By Phil Dean


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Westchase Q and A: Favorite Flicks

This month we asked residents: What is your favorite movie?

Eva Skarshinski, Village Green

I would say my favorite movie is "Forrest Gump." I saw it when I was in high school. It's such an entertaining and feel good movie and there's so much current American history and music woven into the plot that it holds your interest from start to finish. I have a 10 and 12-year-old I want to share it with when they're a little bit older. I also have a 4 and 2-year-old and they like "Frozen" and the other Disney movies but they're not really obsessed with them. They are obsessed with the movie "Annie" though. I bought a DVD for them to watch in the car and it is now their all-time favorite film. Something happened the other day and my 4 year old said in a loud voice, "Leaping Lizards!" They also insist on calling our new puppy Sandy even though that's not his name.

Debbie Clark, The Greens

I like comedies and thrillers the best. I don't mean real violent thrillers or science fiction, I mean films that make you think and have a lot of suspense. The Brad Pitt film "Seven" was terrifying in a good way. My favorite comedy is Steve Martin's "Father of the Bride." He is so funny trying to plan his daughter's wedding. I can relate. I have two daughters and planned their weddings. I also owned a Florist Shop in Plant City for over 30 years before I retired and saw lots of things from the shop in the film. I like to go out to the movies but Netflix is very convenient when you just want to stay home. One of my all-time favorite films is "Gone With The Wind." My daughters like it too and it's nice to share that with them. We are "real southern ladies" even though we're originally from Ohio.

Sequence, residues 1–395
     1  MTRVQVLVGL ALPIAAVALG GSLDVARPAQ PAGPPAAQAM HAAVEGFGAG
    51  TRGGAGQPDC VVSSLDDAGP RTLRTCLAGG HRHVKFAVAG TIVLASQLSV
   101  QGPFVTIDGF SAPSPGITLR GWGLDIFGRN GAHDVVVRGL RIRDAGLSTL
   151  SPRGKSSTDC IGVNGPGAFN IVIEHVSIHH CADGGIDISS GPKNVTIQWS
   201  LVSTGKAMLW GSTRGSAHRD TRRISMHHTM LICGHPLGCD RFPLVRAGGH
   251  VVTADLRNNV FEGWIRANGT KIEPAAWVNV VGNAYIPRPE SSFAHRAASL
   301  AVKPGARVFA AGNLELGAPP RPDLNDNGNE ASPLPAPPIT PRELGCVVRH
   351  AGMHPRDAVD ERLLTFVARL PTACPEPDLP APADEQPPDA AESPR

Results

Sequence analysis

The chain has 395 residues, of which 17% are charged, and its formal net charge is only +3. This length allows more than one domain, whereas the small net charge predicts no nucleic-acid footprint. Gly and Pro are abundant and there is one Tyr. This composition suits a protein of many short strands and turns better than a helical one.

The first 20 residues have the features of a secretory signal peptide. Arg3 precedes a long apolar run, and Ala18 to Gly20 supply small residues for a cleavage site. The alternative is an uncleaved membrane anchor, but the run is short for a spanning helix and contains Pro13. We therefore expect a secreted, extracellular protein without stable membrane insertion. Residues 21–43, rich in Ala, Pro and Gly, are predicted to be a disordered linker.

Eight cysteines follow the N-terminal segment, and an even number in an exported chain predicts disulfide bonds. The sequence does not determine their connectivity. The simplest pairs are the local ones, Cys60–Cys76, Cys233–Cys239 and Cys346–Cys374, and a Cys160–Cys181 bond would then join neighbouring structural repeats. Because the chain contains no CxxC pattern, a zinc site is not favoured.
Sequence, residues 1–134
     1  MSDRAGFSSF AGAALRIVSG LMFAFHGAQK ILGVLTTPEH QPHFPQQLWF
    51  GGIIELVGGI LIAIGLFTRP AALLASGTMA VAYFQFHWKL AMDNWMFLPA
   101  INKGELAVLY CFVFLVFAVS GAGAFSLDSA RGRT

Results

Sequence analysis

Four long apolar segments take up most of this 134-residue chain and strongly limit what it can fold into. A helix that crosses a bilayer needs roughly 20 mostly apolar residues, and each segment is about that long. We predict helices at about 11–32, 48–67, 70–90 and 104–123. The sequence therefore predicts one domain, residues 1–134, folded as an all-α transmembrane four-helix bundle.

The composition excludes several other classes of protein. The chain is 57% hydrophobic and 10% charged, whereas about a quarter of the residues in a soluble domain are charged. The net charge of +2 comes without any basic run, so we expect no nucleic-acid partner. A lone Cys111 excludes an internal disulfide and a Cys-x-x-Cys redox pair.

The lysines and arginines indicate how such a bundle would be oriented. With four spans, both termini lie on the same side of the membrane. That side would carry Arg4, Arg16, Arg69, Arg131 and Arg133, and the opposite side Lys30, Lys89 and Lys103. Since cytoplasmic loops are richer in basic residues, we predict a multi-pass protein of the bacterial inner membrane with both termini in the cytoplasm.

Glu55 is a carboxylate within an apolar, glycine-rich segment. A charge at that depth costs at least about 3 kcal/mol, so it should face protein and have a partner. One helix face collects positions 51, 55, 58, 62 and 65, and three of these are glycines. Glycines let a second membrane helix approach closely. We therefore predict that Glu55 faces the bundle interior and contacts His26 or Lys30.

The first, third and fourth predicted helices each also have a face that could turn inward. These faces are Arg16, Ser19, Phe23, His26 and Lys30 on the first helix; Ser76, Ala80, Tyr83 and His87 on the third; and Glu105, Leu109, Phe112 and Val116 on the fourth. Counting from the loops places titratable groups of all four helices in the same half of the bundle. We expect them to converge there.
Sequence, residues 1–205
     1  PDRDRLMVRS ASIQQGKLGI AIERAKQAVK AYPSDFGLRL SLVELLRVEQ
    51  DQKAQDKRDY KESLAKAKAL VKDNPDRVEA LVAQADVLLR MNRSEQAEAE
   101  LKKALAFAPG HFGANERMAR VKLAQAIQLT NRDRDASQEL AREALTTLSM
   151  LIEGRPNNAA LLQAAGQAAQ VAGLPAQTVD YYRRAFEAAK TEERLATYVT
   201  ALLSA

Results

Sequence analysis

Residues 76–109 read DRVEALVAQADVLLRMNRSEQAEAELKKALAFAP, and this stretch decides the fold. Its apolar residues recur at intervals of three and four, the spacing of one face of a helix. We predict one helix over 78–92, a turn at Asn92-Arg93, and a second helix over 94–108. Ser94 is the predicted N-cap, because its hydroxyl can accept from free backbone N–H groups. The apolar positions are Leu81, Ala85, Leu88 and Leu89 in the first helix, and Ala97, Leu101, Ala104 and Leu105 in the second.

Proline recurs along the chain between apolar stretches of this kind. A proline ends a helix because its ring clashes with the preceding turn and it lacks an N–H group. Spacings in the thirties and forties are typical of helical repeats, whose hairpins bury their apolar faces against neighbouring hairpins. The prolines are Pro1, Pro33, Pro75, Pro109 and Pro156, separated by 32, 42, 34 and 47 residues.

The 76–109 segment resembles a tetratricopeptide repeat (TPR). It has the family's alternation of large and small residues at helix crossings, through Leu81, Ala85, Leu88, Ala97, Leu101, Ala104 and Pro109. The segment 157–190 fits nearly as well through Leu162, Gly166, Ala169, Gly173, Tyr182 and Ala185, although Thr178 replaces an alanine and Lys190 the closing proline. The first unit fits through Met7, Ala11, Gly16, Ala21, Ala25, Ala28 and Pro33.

Edwin Katabaro with Lily, Brentford

Any Disney movie. We have two young daughters under 3 and we watch a lot of Disney. We also love going to Disney World and seeing the characters. I can sing all the songs in "Frozen" and “The Lion King." It's hard to go out to the movies, so at this stage of our lives, we are more likely to watch movies on TV through Netflix and Amazon Prime. For me, I like all the Marvel Universe films. I'm really looking forward to seeing their newest super hero, "The Black Panther."

Allan Gordon and Dulca, West Park Village

I'm not sure I'm the best one to ask about their favorite movies. I think the last movie I actually went out to see in a theater was "The Shining." I don't watch them on TV either. If someone broke into our house and stole the television set, I'm not even sure that I'd notice it was missing. My wife likes to go out to the movies. In fact she and her girlfriends are going to the "The Greatest Showman" tonight. I prefer to listen to music. When I come home from a tough day at work, I put on some music. That's how I relax and get my entertainment. I also like to read. I'm a private pilot so much of my reading is about aviation and is technical in nature.

By Phil Dean


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Westchase Q and A: February Celebrations

This month we asked residents: Which holiday will you be celebrating in February?

Kristen DeAngelo (with daughter Avery and parents, Kathy and John Prible), The Bridges